The BIOS key is usually DELETE or F2 and pressing it once or twice quickly then holding it down until the BIOS screen appears always works best for me.

Step 2 . . . adjusting your CPU speed

The first setting to have a look at is the CPU Core Ratio – sometimes called the CPU Multiplier, remember the unlocked multiplier I mentioned earlier? well this is it. When you select CPU Core Ratio with your arrow keys hit ENTER and you’ll be presented with 3 more options.


AUTO is your stock speed, and it lets you run at higher speeds when fewer cores are under load.

SYNC ALL CORES lets you adjust the multiplier, and it changes all cores simultaneously and locks them there . . . so they’ll all work together regardless of what kind of load is on your CPU.

PER CORE this option lets you custom your own turbo boost technology. It’s more complex so we won’t get hung up on it here, but it will be explained in detail in part 2 of this overclocking guide.

So, to turn up your CPU speed it’s best to choose SYNC ALL CORES, and increase it gradually.

Then return to the desktop and check your CPU temperature with Core Temp, check how fast your CPU is now going with CPU-Z, and you’ll be able to see how many extra watts it’s using.

Of course, this isn’t a check once and forget about it, you’ll be periodically keeping an eye on these important factors as you zero in the overclock.

This new data will let you know how much extra cooling to apply, your new CPU speed and how much extra voltage you need to apply . . . speaking of which.

Voltage and stability

Adjusting your CPU Voltage is one of the most important steps in a well-executed and safe overclocking operation. Because after you’ve increased CPU speed you must also increase the voltage to maintain stability and deliver the right amount of power in Watts to your CPU.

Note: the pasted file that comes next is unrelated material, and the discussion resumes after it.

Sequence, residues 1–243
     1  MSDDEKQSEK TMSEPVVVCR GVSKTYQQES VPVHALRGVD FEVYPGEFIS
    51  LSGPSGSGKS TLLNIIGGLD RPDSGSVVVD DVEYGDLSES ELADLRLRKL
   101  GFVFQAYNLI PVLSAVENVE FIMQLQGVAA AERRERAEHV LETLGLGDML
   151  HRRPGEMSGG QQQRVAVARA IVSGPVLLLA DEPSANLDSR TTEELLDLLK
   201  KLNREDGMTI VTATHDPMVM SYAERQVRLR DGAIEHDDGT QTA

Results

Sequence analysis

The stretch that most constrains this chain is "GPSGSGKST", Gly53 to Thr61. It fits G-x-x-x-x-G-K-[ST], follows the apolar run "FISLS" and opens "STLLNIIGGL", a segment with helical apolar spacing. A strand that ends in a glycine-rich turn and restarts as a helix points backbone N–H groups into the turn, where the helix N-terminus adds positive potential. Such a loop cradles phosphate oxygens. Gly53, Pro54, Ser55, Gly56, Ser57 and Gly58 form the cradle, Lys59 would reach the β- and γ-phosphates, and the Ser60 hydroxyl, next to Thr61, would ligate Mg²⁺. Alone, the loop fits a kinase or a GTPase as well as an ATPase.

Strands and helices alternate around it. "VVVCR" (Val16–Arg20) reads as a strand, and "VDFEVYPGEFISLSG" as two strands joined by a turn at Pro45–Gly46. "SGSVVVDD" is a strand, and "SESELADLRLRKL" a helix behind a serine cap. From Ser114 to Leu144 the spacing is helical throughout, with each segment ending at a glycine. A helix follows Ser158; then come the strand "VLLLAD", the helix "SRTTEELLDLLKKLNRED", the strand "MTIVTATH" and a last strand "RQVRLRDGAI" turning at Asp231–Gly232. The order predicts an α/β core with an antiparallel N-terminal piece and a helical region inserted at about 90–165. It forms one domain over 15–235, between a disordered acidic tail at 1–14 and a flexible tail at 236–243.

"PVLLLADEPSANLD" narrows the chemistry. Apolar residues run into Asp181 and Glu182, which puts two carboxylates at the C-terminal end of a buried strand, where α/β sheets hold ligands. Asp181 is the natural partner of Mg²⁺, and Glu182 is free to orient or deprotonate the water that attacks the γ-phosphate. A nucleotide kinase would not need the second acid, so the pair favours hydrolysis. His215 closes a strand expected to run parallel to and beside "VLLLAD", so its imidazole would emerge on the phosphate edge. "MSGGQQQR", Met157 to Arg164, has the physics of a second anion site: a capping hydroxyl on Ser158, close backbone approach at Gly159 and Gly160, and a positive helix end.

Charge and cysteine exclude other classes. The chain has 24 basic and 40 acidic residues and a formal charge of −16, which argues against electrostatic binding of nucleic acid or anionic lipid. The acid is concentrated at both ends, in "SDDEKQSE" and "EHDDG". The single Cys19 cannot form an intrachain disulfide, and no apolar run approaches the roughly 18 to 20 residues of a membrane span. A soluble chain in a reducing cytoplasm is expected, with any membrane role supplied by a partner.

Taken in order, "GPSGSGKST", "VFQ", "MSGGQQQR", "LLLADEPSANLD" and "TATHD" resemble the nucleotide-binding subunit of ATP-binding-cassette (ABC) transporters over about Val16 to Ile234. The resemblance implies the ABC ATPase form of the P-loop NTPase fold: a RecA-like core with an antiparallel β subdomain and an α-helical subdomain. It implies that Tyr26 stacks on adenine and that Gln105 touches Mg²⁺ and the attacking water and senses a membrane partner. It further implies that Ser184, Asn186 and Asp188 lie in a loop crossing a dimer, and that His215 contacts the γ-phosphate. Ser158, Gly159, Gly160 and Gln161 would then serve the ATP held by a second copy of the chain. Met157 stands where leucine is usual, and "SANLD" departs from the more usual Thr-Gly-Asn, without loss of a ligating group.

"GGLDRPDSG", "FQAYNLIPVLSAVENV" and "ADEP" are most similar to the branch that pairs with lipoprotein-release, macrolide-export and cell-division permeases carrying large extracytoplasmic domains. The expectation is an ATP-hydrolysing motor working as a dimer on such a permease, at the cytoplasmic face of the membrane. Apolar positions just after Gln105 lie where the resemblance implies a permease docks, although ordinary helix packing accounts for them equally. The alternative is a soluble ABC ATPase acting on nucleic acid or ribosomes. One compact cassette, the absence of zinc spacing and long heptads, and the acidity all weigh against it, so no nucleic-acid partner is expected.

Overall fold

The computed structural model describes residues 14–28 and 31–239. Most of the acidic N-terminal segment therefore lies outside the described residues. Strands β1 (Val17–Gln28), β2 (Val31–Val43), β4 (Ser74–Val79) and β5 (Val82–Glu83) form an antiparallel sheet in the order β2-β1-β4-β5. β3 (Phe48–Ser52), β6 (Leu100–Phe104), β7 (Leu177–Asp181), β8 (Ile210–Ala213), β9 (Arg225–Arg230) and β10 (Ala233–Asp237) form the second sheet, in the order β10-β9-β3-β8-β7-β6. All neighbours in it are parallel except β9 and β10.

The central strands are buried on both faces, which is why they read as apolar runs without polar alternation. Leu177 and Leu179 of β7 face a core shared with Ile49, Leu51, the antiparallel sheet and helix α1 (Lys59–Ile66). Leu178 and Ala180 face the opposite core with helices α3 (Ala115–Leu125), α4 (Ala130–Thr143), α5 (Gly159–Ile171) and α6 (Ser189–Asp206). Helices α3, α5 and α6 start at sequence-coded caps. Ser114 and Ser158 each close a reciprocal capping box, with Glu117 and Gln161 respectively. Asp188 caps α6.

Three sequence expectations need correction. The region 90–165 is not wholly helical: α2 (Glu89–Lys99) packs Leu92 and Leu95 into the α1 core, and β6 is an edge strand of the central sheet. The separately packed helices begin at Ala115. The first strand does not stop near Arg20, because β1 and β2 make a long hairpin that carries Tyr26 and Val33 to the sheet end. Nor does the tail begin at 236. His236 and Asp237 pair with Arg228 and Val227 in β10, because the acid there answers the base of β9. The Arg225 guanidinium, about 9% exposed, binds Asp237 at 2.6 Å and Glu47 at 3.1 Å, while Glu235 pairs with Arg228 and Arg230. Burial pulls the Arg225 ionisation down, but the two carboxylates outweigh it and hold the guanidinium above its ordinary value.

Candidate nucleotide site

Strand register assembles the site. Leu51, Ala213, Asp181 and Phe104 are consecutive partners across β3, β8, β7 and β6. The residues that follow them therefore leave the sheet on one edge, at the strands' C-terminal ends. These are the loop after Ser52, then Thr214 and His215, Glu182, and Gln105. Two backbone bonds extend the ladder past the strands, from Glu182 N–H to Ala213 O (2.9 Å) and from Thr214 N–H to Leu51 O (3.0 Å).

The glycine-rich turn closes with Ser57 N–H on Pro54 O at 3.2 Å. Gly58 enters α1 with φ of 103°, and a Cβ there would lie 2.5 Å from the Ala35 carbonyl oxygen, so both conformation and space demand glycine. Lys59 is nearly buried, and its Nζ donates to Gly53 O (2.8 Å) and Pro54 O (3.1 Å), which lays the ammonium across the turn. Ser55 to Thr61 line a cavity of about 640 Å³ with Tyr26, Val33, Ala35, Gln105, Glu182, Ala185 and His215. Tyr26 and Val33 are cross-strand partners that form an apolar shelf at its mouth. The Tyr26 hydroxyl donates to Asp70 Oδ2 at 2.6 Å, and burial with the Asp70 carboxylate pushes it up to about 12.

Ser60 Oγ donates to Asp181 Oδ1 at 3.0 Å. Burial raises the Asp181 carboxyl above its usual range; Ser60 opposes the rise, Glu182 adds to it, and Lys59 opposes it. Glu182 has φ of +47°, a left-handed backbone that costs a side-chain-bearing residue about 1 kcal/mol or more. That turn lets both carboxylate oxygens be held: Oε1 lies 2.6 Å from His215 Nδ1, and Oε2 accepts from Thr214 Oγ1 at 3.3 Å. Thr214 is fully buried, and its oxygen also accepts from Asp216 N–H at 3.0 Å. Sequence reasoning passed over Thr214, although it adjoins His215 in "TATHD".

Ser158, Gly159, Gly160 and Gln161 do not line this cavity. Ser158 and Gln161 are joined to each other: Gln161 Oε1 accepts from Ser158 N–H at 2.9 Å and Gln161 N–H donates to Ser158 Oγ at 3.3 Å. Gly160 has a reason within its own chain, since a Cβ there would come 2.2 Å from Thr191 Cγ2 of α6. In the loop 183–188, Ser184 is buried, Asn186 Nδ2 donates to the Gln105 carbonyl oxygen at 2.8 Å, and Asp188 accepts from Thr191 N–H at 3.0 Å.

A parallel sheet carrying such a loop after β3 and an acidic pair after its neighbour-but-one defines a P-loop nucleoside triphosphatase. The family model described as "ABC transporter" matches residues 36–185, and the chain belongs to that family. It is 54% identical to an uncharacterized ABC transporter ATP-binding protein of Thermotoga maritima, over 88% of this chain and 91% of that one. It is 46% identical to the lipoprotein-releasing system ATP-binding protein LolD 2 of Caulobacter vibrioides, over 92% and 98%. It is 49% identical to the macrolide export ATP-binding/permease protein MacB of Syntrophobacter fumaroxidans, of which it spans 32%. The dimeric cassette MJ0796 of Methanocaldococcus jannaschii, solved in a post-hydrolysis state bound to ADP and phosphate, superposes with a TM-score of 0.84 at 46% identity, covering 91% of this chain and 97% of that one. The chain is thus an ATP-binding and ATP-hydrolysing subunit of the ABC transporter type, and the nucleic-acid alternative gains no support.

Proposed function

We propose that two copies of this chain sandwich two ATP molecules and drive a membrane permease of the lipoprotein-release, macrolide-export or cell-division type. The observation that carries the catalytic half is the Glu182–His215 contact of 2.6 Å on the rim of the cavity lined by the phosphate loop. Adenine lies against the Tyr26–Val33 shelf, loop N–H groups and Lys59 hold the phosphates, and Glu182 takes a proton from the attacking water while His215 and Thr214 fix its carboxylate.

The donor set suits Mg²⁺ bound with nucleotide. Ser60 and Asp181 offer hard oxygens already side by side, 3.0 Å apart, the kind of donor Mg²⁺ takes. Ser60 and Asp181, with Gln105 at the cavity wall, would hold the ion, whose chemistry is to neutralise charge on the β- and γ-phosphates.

BUT! what do you suppose more volts produce? that’s right. more heat [dun dun dunnnn]

So, an overly simplified explanation of overclocking would be.

Increase CPU Speed – Increase CPU Voltage for stability – More cooling required

It’s also worth pointing out that adding to many extra volts and heat [I believe the technical term is getting really jiggy with it] will decrease the life span of any CPU.

Step 3 . . . adjusting your CPU Voltage

Again, different motherboards will have slightly different options for changing the CPU voltage. But most of the newer gaming motherboards will feature these 4 options . . .

  • AUTO

AUTO mode is self-explanatory and we won’t be using it.

MANUAL MODE lets us key in a voltage and set it there.

OFF-SET MODE takes your stock voltage and raises them a notch, which gives you the extra voltage you need when you’re running at an overclocked setting.

But it doesn’t automatically lower your voltage back down when your CPU isn’t using it.

This is where ADAPTIVE MODE swoops in and saves the day, it provides your CPU with the extra voltage it needs when it’s working hard . . . and lowers it back down to default voltages when it’s not doing anything.

So ultimately which mode should we use?

Use Manual Mode at first as you adjust and zero things into where you want them, and when you’re happy and set switch to Adaptive Mode for the superior power saving.

Other settings to be aware of

If you’re using older hardware you should check if it features Intel’s lower c state or speed step, and if it does you should disable them. Because they’ll turn the CPU speed down when it’s unnecessary, if your CPU is a Haswell you don’t need to worry about this.

Summary of the crucial factors

So, what have been the most important factors we learned about during this guide?

First, we made ourselves aware of CPU overclocking hazards, specifically excess heat which needs better cooling, and the extra power consumption which needs a PSU that can handle it. We learned that it’s better to shop around first for a CPU with a good overclocking reputation, as opposed to jumping in with any old CPU. And we also discovered that proper cooling and monitoring with CPU-Z and Core Temp are important for avoiding damage and getting the best results possible.

After that we looked at how to actually enter your BIOS, and then how to adjust CPU speed. And lastly how to adjust your CPU voltage to ensure stability. Hopefully this guide has given you a better understanding of what’s involved in overclocking your CPU, along with a clear process of getting it done.

Thanks for reading, and if you’ve got any questions just ask away via the contact